In spite of our preference for a wide-ranging eclecticism we make a nod to fiction with new contributor Andrew Lee-Hart’s story Touch and another instalment of S. Kadison’s The Northern Mistake. We hesitate to include Lynda Green’s snippet under this rubric. It does have a strangely authentic air, but I can’t believe girls in the 1960s took that kind of advice. The exact title and publication details are not available. It’s probably some ironic feminist diatribe with an intro by Germaine Greer. Get in touch if you recognise it.
A Church of England vicar, our Headmaster,
taught us Classics and Scripture - OT and NT.
I have described him elsewhere, sometimes recollect
his features, reflect on that baffling 'Leaver's Talk'
delivered in his study. He urged "Don't defile
the temple of your body. A good Christian won't."
Et cetera... How come I ended up an atheist?
Did I not muse upon "the dark lasts of the flush",
as a guest preacher sermonized one Sunday
in the nearby village church? Eversley, Hants,
was where Charles Kingsley in Victorian days
wrote worthy, edifying yarns for boys and girls —
Westward Ho!, The Water Babies — both were read
as moral works in post-war England. I preferred
Foxe's Book of Martyrs and The Lancashire
Witches, perplexing finds in the school library,
both weird and gruesome fare for the pubescent mind...
Kingsley, a rather complex country parson —
pedagogue, perhaps a closet paedophile — held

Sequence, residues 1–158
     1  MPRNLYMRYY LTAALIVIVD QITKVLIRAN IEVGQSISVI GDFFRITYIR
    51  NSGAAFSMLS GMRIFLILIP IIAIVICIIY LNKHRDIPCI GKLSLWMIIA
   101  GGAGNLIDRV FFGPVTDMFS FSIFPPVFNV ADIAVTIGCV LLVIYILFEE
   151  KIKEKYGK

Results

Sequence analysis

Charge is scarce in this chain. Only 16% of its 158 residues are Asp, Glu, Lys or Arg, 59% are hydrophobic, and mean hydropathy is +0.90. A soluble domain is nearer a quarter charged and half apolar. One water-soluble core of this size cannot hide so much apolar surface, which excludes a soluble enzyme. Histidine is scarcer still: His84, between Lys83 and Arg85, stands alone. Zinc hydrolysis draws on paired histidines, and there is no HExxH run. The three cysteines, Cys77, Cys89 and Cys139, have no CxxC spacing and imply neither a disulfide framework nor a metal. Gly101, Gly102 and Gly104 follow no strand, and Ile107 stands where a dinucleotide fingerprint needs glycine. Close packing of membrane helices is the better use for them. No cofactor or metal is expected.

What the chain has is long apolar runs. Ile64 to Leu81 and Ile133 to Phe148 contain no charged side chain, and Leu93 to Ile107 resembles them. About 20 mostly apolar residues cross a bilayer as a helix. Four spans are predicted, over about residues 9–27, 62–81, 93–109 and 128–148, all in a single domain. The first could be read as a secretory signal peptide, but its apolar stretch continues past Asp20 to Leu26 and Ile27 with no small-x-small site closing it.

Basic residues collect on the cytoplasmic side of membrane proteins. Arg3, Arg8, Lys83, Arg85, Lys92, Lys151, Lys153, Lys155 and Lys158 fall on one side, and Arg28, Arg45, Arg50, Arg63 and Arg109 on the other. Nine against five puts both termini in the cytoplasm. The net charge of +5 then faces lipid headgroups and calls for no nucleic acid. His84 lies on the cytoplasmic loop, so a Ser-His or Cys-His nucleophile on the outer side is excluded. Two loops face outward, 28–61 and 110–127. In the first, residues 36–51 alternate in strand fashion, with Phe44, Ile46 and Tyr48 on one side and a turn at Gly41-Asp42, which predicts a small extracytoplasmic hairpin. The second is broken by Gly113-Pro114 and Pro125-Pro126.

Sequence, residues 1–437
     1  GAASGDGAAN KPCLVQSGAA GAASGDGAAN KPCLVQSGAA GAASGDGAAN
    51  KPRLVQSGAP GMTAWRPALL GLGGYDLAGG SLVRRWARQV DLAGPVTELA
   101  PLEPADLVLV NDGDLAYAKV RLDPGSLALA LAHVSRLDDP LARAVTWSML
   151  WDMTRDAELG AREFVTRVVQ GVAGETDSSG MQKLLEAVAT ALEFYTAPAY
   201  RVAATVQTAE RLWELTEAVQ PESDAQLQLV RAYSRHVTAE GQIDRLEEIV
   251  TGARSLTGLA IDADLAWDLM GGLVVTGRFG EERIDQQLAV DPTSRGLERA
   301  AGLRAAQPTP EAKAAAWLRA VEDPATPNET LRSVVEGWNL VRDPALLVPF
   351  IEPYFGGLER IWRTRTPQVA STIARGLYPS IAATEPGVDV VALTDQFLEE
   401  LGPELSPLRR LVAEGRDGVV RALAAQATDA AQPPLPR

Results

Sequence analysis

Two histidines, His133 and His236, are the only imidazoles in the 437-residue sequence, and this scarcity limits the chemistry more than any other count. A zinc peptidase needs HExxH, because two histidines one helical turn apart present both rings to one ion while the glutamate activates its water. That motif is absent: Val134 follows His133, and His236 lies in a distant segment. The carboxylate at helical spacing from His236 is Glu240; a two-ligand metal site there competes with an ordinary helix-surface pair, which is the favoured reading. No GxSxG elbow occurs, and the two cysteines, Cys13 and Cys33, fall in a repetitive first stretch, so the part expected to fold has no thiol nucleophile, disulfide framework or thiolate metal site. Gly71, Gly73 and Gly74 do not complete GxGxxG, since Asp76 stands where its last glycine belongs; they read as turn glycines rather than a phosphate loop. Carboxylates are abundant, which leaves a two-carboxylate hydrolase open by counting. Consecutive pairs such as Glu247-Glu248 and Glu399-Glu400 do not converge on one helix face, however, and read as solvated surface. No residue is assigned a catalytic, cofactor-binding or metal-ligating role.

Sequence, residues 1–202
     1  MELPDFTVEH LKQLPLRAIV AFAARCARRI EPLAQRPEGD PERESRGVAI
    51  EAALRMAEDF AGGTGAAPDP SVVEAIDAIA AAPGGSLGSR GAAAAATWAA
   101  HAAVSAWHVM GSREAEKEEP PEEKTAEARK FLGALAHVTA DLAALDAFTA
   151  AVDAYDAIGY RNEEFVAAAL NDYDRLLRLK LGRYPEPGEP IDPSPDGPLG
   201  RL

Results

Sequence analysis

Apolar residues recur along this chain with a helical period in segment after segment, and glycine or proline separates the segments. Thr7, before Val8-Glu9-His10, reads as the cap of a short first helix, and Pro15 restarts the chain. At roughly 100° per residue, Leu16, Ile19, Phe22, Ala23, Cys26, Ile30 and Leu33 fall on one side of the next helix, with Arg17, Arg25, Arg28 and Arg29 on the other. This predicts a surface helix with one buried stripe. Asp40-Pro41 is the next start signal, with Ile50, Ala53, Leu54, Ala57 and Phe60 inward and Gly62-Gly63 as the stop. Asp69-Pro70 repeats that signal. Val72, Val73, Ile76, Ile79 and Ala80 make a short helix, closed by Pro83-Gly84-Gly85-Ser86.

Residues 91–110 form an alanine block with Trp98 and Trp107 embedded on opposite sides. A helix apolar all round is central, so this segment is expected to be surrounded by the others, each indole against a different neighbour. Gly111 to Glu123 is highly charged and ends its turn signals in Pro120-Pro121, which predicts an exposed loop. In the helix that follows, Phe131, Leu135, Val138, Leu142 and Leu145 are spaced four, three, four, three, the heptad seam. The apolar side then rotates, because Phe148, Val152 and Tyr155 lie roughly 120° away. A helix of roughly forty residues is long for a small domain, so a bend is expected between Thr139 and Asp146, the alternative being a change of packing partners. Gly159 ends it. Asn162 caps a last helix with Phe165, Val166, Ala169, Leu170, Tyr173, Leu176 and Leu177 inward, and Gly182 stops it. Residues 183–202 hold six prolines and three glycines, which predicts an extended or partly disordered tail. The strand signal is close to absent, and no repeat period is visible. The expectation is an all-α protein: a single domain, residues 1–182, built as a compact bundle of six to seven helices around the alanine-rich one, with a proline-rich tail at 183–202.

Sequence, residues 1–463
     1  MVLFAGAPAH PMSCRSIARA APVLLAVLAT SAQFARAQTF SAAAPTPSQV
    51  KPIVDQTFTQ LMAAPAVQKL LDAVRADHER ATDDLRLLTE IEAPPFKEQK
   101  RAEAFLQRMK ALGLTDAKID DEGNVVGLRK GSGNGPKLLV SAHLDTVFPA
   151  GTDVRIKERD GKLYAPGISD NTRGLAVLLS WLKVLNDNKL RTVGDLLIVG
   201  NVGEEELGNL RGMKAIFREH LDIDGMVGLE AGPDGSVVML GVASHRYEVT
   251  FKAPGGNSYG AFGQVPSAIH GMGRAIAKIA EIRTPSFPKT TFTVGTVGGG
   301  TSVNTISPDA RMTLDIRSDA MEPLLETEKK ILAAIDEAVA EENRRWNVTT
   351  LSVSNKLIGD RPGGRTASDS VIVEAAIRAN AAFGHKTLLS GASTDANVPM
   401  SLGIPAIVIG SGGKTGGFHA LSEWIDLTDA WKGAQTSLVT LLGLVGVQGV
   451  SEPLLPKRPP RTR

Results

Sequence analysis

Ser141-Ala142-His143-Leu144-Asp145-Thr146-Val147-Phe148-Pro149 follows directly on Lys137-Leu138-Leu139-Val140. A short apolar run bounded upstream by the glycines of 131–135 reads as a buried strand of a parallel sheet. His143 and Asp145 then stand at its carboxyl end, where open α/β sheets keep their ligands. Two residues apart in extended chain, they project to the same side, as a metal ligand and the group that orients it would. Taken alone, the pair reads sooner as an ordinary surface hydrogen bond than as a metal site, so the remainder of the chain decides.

flagellant fantasies and may have mortified
that wayward flesh which we were cautioned to eschew.
'Muscular Christianity', the famous phrase
espoused by Anglicans and zealously applied
to children of the Forties, recognized that we,
like our fond parents, reckoned corporal punishment
could well discourage serious misbehaviour.
Our Saviour's own example, Bible-reading hours,
and decent manners, would prepare us best for life.
Matron — Miss Dobinson, gaunt and horse—faced (Dobbin
of course!), her grey hair in the neatest bun,
made sure we all stayed 'regular'. A tick or cross,
entered in her big black ledger every day,
judged whether any laxative would be required.
The constipated bowel might receive
a dose of Scott's Emulsion, Syrup of Figs,
or Milk of Magnesia — what a nauseous choice
was ours! No other female crossed our path
but the Headmaster's wife, elderly too.
Such was the healthy life, the rural setting
wondrously idyllic, where pine-wooded grounds
(with gumboots — never 'wellies' - quintessential)
had rhododendron, adders, easy trees to climb;
escape from cheerless Maths or morning prayers, PT
with star-jumps, stretches, running-on-the-spot! Our sweets
were strictly rationed though, as in the world outside:
eight items each, extracted from your Term's supply,
would be doled out twice weekly. Swaps took place —
Willem de Kooning Untitled 1957